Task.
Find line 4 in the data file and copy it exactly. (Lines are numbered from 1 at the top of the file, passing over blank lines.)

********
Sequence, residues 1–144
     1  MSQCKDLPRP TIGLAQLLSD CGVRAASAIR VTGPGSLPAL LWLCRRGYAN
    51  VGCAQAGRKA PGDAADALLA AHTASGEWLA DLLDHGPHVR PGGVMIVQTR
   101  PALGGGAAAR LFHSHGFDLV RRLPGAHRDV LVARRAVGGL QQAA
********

   101  PALGGGAAAR LFHSHGFDLV RRLPGAHRDV LVARRAVGGL QQAA